A P-51 Mustang World War II plane crash was seen by several witnesses. It was owned by a Texas museum and once used by the Air Force of El Salvador, sent down into the Galveston Bay, killing the two people who were on board.
The cause of the World War II accident has not been determined, but the pilot was not in contact with air traffic control just before the plane crash at about noon local time, Federal Aviation Administration spokesman Lynn Lunsford said. The P-51 Mustang was manufactured in 1944, according to FAA records.
The aircraft was owned by the Texas Aviation Hall of Fame, a part of the Lone Star Flight Museum in Galveston.
Police said Keith Hibbett, 51, of Denton, Texas, was flying the plane, and John Stephen Busby, 66, of the United Kingdom, was the plane’s only passenger, according to Sampas. Busby had paid the museum to take the flight as part of a program offered by the museum. Busby and his wife had been visiting to celebrate their 41st wedding anniversary, Sampas said.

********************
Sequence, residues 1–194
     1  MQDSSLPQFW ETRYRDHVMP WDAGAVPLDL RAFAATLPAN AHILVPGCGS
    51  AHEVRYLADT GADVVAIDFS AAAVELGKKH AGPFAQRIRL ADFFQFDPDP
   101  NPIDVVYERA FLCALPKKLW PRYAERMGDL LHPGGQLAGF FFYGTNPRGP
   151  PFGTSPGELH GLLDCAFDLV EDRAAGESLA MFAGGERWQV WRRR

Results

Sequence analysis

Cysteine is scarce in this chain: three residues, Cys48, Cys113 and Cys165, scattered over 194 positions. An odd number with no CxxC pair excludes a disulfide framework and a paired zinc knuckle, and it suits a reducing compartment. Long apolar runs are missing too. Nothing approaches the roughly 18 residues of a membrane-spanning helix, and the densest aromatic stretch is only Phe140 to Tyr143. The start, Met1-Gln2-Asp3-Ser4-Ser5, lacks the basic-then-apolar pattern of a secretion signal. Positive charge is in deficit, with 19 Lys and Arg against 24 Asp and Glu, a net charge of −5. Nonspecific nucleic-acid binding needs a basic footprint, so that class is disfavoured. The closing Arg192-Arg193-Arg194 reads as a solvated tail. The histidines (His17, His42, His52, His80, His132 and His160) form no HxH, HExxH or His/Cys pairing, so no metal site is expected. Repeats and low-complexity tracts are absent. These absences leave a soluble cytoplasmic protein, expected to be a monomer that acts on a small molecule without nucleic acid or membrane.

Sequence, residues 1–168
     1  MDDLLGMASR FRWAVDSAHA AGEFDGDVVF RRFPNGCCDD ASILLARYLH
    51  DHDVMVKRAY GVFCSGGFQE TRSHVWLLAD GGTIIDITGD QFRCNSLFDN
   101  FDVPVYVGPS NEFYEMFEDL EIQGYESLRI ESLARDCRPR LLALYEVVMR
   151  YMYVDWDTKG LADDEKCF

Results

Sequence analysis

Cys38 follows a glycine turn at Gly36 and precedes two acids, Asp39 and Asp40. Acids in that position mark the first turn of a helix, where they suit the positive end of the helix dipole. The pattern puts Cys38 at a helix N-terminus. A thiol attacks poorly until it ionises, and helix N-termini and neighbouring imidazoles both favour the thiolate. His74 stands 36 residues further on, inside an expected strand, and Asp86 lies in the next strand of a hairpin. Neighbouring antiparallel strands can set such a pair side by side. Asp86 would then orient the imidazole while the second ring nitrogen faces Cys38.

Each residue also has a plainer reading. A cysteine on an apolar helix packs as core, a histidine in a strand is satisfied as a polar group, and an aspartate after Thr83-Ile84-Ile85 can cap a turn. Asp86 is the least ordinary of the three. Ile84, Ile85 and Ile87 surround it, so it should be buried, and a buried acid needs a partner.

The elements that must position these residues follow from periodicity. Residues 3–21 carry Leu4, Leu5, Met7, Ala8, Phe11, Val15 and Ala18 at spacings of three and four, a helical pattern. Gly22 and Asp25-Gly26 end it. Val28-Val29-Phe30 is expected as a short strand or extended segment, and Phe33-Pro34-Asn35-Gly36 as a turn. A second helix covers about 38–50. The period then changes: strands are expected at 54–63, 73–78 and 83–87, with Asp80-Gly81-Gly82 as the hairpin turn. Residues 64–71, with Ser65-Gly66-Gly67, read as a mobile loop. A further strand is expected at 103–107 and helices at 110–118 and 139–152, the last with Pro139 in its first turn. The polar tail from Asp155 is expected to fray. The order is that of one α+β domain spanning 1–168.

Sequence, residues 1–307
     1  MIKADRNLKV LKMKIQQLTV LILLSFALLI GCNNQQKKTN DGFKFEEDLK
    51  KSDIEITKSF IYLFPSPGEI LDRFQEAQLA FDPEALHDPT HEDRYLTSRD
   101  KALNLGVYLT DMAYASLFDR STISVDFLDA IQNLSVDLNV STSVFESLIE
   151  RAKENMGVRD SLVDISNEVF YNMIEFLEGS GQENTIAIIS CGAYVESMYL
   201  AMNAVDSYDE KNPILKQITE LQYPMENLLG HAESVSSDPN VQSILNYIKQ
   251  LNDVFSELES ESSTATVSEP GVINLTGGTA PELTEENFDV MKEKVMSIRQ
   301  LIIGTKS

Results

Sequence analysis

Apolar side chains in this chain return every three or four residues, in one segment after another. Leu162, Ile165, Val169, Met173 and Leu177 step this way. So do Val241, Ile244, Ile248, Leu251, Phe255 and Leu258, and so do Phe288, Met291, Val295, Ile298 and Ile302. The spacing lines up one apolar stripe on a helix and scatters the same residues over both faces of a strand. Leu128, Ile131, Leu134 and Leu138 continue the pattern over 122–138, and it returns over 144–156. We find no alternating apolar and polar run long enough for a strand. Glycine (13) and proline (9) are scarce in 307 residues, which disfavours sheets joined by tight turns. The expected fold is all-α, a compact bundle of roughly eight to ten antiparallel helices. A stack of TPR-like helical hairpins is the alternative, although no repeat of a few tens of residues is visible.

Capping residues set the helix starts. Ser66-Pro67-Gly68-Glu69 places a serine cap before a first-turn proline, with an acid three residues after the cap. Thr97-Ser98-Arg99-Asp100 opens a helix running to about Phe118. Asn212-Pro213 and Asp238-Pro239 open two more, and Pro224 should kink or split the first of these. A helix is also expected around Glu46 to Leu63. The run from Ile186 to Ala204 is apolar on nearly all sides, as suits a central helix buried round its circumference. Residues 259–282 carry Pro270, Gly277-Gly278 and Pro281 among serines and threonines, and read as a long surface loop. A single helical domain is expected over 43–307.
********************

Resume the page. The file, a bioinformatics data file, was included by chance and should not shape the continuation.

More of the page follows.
According to museum officials, Hibbett was an experienced pilot, Sampas said. Witnesses told police the plane went down without warning or any signs of trouble, he said.
According to the museum website, the plane was used by the El Salvadoran Air Force in the 1960s, during which time the one-person plane was modified to allow it to carry two people. It had been painted with the markings of the Galveston Gal, a tribute to the World War II fighter group of a Galveston native.
The museum offered rides in the plane for $1,995 for one passenger, according to its website. Museum officials did not respond to requests for comment.
The National Transportation Safety Board will be in charge of the investigation, authorities said.